The newly established SME Authority has been revved up with a new strategy, an up-to-date Kafala loan guarantee programme, and a law to reduce the administrative burden on smaller companies. These measures will help to increase employment by facilitating access to funding, introducing business-friendly regulations, providing specialised training institutions, and encouraging venture capital funding, all of which will help young entrepreneurs to market their ideas and products and export them through e-commerce and international partnerships. The goal is to encourage Saudi financial institutions to allocate up to 20 percent of overall funding to SMEs by 2030.

MISK, The Prince Mohammed Bin Salman Bin Abdulaziz Foundation, promotes entrepreneurship to young Saudi men and women. In cooperation with the Bill and Melinda Gates Foundation, MISK launched the Grand Challenge initiative of $10m for the empowerment and motivation of young Saudis to bring change for a better community. $100,000 will be awarded to each of the 100 young innovators selected to find innovative solutions to crucial global challenges.

Women now make up more than 20 percent of all new hires at Saudi Aramco, and the company promotes through Wae’d – its entrepreneurship arm, the empowerment of young Saudi men and women. Aramco seeks to spread entrepreneurial awareness among 1 million young Saudis through entrepreneurship clubs and university roadshows. It promotes a culture of technology-based entrepreneurship by extending funds and business development aid to more than 50 technology pilots.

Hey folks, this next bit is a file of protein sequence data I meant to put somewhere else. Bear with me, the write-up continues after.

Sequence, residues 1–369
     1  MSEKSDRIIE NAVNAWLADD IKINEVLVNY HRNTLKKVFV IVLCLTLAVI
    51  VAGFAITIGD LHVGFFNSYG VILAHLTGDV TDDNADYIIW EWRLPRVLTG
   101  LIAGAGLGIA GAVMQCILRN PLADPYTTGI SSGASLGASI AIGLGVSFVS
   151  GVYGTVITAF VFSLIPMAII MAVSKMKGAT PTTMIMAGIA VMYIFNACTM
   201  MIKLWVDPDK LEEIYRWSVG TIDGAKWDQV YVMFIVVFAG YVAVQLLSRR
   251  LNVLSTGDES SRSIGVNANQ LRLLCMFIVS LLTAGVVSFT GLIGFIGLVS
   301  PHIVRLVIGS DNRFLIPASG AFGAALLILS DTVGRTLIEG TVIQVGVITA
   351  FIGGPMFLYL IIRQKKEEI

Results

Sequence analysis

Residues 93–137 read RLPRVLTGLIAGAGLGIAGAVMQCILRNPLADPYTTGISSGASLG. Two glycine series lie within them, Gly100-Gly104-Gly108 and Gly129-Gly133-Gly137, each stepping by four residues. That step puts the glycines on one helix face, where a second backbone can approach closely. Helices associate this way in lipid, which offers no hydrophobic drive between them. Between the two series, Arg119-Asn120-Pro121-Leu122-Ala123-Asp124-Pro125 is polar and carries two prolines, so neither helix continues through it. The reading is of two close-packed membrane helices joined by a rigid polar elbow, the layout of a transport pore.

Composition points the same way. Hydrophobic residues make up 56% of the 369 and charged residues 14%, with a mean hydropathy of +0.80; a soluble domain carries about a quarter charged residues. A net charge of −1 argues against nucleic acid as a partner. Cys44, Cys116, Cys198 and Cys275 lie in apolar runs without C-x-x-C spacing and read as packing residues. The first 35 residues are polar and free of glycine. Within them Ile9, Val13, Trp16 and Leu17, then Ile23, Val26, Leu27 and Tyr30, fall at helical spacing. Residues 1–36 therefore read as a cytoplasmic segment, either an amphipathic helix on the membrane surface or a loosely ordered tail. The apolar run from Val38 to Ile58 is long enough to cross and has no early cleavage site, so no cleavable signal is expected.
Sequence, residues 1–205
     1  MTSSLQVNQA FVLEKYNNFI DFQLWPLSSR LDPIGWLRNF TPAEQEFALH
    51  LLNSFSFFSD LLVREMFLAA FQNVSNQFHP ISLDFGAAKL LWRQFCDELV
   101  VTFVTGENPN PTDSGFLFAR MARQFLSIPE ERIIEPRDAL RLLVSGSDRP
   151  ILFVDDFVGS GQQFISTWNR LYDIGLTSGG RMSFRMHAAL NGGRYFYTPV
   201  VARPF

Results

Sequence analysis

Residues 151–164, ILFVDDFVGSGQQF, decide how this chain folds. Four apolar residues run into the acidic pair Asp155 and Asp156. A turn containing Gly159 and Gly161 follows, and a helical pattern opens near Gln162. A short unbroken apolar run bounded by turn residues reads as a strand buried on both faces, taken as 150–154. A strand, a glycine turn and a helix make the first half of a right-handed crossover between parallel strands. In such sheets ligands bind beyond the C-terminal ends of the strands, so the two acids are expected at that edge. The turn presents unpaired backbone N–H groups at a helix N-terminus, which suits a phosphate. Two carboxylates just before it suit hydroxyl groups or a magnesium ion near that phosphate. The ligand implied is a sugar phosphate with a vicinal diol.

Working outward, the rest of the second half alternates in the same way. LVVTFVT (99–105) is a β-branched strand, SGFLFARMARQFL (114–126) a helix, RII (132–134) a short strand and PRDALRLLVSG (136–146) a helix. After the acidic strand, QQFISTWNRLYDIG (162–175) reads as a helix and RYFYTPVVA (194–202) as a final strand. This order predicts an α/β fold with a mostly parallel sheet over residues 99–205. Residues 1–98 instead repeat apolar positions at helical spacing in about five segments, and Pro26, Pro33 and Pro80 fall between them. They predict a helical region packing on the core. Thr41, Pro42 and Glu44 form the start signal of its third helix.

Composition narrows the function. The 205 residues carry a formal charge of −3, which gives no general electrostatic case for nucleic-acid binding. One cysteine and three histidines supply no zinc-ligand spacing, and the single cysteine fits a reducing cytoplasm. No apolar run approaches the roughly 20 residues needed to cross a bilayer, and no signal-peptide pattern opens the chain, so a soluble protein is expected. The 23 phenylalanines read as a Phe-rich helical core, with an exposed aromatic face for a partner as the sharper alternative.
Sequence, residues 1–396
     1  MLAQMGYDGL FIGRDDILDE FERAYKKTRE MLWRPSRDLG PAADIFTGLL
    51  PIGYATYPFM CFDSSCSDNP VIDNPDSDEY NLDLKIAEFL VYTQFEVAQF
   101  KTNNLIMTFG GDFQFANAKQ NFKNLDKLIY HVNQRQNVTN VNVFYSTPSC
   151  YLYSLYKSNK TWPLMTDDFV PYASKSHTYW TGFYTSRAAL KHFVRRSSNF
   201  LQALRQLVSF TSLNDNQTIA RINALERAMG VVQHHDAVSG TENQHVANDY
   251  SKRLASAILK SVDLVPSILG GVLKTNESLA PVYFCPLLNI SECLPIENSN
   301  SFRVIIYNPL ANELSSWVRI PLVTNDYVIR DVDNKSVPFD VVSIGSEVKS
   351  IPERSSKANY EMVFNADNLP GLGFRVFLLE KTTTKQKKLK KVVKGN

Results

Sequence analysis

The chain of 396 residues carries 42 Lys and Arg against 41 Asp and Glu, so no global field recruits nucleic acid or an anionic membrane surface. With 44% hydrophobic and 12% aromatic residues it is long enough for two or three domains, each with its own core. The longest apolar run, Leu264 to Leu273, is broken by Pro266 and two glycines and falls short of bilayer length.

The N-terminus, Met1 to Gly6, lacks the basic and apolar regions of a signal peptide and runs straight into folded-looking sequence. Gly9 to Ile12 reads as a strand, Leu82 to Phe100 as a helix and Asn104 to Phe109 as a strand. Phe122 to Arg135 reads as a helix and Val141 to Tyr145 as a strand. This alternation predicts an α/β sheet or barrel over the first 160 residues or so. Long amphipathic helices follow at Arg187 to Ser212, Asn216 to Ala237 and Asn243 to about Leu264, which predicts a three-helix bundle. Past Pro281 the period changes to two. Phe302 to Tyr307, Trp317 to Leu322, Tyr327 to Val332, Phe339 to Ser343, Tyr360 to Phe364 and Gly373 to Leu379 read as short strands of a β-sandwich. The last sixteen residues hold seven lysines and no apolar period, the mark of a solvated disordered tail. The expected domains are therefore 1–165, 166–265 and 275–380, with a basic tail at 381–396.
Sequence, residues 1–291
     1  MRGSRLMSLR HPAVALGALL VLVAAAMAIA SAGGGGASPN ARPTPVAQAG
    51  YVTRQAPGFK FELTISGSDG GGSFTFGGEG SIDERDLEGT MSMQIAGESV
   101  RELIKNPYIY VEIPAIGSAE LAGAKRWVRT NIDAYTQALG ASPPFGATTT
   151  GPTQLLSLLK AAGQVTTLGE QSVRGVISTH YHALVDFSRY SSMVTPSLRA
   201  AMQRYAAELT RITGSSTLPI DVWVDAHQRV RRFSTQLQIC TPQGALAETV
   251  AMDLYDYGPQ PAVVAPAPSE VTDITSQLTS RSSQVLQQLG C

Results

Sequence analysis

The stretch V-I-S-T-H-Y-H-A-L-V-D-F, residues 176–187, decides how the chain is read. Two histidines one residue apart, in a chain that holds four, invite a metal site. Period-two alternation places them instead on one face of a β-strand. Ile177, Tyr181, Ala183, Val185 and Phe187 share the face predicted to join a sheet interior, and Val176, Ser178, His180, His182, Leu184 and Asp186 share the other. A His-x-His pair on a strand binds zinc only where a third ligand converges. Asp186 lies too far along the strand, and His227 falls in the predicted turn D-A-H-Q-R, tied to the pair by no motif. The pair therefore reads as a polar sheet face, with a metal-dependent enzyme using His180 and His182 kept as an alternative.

The non-profit Centennial Fund helps young women with financial loans for their projects in their cities and villages. The Badir Programme for Technology Incubators, an initiative from King Abdul Aziz City for Science and Technology, promotes an entrepreneurial culture through workshops and training programs for women university students. With the Human Resources Development Fund, it has launched the 9/10ths Startup Accelerator Programme, which develops early stage young entrepreneurs into potential high-flyers.

Effat University established the Business Innovation and Entrepreneurship Research Centre and launched a plan to educate and train young Saudi women in entrepreneurship development. Dar Al Hekma University offers new programmes and scholarships to develop women’s capabilities, and courses to encourage their participation in entrepreneurship and develop their entrepreneurial skills. Princess Nourah Bint Abdul Rahman University launched Mehwar, a support programme for women entrepreneurs, endorsing their projects and enhancing their skills through an innovation academy. And recently, the King Salman Institute for Entrepreneurship was launched on the Women’s Campus of King Saud University in Riyadh.

But is this enough? According to the 2015 Female Entrepreneurship Index, the top three countries for female entrepreneurs are the US, Australia and the UK, with Saudi Arabia ranking 49th out of 77. Saudi women entrepreneurs still face many challenges, and cultural and social barriers continue to hinder women from joining the labour market. Reforms should continue to reduce the structural barriers to female employment, creating innovative opportunities, providing increased SME finance along with developed debt markets and upgraded financial access for women, and taking actions through strategic policies.

Training programmes should promote and support entrepreneurship for women, developing their skills in management, accounting, customer care negotiation and team building. And equally importantly, they need to learn how to gain confidence to build their business, be willing to take risks, access knowledge, and even be aggressive in getting funding.

Vision 2030 is introducing women to new levels of leadership and economic empowerment. With further support and a more flexible environment favouring entrepreneurship, Saudi women will be able to enjoy, like Nawal, the taste of success and become the new agents of change and development the country needs.

Dr Mona AlMunajjed is an award-winning sociologist, author and adviser on social and gender issues.